Insulin may be a new treatment for depression, researchers say

Meri Perra

It likely comes as no surprise to people who have both diseases, but there's growing evidence that diabetes and depression are linked.

Having one disease puts one at risk of having the other. It's to the point where about one-half to three-quarters of people who have depression also have diabetes, or are at weight levels which put them at risk.

There are 1.3 million people in Canada over the age of 12 suffering with diabetes. Major depression hits about eight per cent of adults, according to Canada's Public Health Agency. Mood disorders are the number one cause of disability in the country.

New research shows these diseases may benefit from similar treatment.

At a conference aptly titled, 'Your feelings are understandable' in Toronto this week, researchers discussed the connections between emotions and the brain.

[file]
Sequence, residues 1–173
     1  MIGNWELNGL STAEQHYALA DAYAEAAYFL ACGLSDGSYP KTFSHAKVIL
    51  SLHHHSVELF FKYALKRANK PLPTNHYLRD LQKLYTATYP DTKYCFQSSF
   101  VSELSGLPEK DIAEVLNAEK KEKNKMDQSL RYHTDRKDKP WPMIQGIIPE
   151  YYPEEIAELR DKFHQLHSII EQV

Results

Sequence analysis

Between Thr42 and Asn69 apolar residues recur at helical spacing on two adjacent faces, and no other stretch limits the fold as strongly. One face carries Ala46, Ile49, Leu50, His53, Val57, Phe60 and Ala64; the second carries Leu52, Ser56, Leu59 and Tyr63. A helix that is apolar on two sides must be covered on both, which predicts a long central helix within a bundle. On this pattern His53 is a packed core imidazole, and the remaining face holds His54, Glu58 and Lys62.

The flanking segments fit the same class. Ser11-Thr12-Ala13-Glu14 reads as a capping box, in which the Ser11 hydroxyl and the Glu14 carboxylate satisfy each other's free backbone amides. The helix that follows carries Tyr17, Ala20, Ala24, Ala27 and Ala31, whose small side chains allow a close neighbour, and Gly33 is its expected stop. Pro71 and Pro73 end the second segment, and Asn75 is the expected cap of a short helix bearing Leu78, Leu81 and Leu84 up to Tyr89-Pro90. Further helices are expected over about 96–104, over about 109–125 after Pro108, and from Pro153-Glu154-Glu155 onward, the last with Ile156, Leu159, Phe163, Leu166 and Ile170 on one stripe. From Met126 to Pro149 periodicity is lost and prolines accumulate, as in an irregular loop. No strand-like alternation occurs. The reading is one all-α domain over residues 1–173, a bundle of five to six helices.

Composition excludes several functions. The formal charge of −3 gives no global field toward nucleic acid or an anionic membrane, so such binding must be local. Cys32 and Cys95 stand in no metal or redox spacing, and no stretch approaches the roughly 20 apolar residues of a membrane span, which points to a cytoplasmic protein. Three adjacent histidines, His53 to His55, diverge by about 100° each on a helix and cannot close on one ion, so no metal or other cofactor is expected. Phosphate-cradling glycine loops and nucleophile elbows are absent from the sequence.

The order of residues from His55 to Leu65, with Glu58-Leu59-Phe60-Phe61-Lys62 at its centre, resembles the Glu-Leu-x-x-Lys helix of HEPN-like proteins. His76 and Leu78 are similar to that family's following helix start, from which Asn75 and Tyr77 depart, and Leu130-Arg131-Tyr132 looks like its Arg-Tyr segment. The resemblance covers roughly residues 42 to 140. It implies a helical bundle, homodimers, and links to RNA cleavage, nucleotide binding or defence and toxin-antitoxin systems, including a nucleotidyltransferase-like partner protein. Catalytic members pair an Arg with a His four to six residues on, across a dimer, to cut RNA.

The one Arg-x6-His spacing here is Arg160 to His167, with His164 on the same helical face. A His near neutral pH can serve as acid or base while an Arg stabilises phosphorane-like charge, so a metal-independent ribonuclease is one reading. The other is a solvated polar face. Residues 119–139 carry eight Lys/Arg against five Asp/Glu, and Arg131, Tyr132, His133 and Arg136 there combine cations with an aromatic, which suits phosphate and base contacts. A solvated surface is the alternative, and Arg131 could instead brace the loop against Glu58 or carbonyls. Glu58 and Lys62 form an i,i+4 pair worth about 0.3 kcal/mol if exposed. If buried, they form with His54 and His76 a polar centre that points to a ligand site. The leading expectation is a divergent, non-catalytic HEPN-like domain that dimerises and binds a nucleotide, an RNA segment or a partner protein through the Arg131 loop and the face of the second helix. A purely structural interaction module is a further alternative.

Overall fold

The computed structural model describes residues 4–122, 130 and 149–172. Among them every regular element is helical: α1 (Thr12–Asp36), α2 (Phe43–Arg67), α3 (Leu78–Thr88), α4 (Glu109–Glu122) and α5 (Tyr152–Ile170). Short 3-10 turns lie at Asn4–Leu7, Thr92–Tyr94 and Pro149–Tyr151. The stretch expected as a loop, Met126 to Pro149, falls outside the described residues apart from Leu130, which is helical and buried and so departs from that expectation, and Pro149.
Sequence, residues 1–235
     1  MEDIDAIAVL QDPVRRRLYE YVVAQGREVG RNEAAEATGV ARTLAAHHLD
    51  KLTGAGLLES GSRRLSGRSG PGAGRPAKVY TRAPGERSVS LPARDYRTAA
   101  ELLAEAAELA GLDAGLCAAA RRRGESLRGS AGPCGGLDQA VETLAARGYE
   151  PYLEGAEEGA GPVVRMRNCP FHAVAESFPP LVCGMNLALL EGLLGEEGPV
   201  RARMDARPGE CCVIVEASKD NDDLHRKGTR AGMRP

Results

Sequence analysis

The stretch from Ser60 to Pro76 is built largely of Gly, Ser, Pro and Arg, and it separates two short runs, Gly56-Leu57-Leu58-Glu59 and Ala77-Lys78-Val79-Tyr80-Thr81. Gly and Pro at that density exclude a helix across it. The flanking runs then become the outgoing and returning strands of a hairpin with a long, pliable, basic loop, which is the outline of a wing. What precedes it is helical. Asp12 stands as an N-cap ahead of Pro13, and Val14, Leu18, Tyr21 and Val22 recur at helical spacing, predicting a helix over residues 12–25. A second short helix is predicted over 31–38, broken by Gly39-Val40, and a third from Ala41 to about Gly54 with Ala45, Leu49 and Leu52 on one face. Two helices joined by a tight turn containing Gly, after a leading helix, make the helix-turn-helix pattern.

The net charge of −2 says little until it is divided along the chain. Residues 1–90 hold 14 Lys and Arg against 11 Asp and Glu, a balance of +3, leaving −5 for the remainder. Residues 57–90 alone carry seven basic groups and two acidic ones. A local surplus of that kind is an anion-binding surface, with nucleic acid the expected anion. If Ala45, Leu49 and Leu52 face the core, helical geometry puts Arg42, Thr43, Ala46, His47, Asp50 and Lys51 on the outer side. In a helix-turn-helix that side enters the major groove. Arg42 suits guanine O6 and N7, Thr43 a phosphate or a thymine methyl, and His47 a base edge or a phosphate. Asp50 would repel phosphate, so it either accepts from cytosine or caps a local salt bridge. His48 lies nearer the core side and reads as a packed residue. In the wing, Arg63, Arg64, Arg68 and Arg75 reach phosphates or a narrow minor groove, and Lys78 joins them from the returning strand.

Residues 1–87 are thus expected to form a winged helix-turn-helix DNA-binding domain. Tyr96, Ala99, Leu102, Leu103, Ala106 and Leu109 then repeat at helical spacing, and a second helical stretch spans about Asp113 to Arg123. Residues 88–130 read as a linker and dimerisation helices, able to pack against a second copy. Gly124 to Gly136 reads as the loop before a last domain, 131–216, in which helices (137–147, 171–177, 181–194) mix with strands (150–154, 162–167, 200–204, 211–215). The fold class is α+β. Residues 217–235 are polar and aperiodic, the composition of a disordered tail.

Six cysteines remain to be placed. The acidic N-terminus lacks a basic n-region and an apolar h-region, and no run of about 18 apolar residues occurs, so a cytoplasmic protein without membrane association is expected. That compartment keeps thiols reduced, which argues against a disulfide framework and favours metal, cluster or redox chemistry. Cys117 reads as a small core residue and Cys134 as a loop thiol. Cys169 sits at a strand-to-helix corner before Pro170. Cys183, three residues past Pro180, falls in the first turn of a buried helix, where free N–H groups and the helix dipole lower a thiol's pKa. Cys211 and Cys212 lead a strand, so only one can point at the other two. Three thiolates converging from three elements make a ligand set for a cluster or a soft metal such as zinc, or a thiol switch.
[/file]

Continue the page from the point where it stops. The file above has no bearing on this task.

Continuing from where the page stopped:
University Health Network psychiatrist and researcher Dr. Roger McIntyre presented findings on the links between metabolism and mood disorders - links, he said, which can no longer be ignored.

McIntyre spoke of a recent trial where people with bi-polar disorder were treated with an insulin-filled nasal inhaler. The results of the trial, though yet to be published, are encouraging, he said.

"In future, we are going to see very different drugs for people with mood disorders," McIntyre said.

Other studies include weight-loss surgeries and diet changes, both used for diabetes and for depression treatment.

The studies are based on evidence that indicates insulin levels in the brain may affect mood disorders. Strengthening this is proof that people with depression who are otherwise healthy, also have brain insulin problems, similar to people with diabetes.

Yet despite the prevalence of the disease, treatment is lacking.

An American study from 2006 found that despite Canadian's access to universal health care, teens in the U.S. and Canada have similar suicide rates. Untreated, major depression, is often the cause of suicide. It suggests that adequate treatment for the disease is not accessible.

Worse, treatment for depression is no more effective now than it was in the 1950s, McIntyre told the National Post.

It's likely new treatment for depression will take many years to develop.

(Reuters Photo)